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NSA can read, see and hear everything you do online

June 7, 2013 Leave a comment

NSA_eagleWatch a YouTube video? NSA knows.
Write a Facebook private message? NSA can read it.
Skype with a friend? NSA can hear you.

We always assumed that secret services in our todays world could access our online communication if they wanted. ECHELON monitors phone calls for over half a century now, most of our emails are not encrypted and sent through any number of servers worldwide and several reports in recent years suggested that the NSA has significant powers to spy on us. However, the revelation in recent days of a vast data collection program by the NSA, that gives them unlimited access to basically all communication online, without any court order, is shocking nonetheless. Under the program called PRISM, major internet companies grant the NSA a direct interface to all user data, including emails, calls, chats, file transfers and video (and rumoured: credit card data). Companies in the program include Microsoft, Google, Yahoo, Facebook, YouTube, Skype and Apple. No court order or special request is required. And this is heavily used: Over 2.000 PRISM-based reports are generated every month.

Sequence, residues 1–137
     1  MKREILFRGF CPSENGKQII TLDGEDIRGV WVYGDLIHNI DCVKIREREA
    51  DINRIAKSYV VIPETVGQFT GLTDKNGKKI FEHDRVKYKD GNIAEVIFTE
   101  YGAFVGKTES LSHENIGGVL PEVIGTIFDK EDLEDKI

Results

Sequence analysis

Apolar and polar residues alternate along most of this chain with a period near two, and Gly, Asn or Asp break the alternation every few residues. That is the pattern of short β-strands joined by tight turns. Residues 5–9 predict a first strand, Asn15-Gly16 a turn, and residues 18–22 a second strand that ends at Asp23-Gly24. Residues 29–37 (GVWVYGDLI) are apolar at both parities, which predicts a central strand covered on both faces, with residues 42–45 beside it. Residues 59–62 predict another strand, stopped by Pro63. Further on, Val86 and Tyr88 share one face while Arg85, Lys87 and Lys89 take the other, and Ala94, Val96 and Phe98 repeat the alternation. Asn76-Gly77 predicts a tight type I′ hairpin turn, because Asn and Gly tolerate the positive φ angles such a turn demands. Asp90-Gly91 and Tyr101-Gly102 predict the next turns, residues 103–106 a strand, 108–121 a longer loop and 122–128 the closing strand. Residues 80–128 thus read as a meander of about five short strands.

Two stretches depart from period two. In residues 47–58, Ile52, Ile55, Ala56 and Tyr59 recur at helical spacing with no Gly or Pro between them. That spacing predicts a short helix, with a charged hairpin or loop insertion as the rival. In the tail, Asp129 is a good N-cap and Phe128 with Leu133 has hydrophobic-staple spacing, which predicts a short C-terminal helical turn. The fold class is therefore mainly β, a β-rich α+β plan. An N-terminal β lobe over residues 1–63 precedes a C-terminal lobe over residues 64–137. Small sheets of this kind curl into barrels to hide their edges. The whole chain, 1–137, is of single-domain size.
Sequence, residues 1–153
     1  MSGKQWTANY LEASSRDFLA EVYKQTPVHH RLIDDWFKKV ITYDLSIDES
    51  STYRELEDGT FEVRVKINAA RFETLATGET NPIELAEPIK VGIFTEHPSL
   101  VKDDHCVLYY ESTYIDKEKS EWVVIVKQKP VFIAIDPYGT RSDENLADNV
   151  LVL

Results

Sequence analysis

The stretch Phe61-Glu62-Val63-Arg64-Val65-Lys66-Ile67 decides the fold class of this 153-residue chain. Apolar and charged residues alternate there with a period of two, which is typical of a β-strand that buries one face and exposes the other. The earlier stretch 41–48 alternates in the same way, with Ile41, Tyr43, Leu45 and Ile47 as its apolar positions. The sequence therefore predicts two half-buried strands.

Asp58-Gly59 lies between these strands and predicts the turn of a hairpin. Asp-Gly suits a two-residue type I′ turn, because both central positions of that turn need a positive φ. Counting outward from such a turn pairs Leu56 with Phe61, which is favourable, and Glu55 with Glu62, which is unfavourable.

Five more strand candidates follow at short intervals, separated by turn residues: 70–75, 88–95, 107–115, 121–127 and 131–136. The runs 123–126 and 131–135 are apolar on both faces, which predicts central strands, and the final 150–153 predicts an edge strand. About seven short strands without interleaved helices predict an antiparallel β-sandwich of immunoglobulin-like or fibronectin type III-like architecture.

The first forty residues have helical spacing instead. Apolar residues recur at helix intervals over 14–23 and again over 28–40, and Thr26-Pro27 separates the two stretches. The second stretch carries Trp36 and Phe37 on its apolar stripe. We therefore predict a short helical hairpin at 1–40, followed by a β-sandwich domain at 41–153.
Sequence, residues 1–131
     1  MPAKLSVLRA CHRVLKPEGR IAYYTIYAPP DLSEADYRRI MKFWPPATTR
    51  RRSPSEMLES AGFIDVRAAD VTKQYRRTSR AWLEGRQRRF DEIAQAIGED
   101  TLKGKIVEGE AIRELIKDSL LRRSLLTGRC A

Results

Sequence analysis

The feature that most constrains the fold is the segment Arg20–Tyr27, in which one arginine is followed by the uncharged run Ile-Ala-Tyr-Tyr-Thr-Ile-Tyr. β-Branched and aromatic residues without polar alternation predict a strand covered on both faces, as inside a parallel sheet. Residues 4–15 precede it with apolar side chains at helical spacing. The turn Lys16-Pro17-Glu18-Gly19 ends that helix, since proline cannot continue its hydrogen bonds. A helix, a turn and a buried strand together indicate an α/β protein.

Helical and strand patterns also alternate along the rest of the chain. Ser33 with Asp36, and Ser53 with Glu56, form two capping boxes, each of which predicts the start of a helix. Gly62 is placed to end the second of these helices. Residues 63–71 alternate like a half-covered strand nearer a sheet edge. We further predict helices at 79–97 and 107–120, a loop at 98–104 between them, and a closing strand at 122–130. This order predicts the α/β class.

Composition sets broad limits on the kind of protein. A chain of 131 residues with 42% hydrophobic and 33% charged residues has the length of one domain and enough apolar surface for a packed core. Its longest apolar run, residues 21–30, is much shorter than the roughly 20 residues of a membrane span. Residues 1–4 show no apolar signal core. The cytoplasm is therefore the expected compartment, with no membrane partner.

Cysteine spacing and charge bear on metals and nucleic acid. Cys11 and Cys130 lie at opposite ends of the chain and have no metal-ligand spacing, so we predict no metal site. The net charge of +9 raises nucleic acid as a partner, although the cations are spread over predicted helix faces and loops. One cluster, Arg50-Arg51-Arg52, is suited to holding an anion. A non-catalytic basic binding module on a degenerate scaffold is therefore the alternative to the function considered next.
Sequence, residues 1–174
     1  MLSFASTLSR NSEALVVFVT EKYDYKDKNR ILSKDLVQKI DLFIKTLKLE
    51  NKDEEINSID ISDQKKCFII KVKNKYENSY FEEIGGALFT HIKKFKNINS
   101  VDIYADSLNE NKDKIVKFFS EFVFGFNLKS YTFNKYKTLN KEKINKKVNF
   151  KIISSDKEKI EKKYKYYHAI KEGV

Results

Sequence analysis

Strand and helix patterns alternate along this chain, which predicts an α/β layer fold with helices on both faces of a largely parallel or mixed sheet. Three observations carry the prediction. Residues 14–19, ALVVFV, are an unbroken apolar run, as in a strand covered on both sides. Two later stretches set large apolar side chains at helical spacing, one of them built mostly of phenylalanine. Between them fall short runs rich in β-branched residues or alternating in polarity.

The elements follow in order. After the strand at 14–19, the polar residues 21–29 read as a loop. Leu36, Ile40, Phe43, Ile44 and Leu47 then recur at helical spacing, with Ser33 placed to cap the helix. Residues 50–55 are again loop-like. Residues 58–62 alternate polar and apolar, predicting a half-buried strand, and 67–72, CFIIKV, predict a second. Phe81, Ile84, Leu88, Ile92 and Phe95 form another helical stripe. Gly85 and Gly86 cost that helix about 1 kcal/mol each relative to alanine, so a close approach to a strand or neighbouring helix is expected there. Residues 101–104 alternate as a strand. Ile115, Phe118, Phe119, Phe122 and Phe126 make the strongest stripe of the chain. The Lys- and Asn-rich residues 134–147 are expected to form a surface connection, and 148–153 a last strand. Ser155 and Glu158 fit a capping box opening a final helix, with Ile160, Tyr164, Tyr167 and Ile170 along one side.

In a first reaction after the publication of the programs existence, the White House stressed that this program is “just” targeted against non-US citizens and that no US citizens are surveilled. This is certainly not reassuring for all of us living outside the US since most of todays internet companies are based in the US. By the way, Dropbox is supposed to be added soon. So you might want to reassess your cloud storage strategy and at least add encryption to Dropbox or use providers such as SpiderOak.

In combination with major NSA efforts to operate and build data centers to automatically analyze data, this development is troublesome and should change everyones lax attitude towards online communication.

Update:

It seems like the NSAs UK counterpart GCHQ has access too!

Update 2:

TechCrunch has an interesting article suggesting that PRISM might not be as big as everybody feared.

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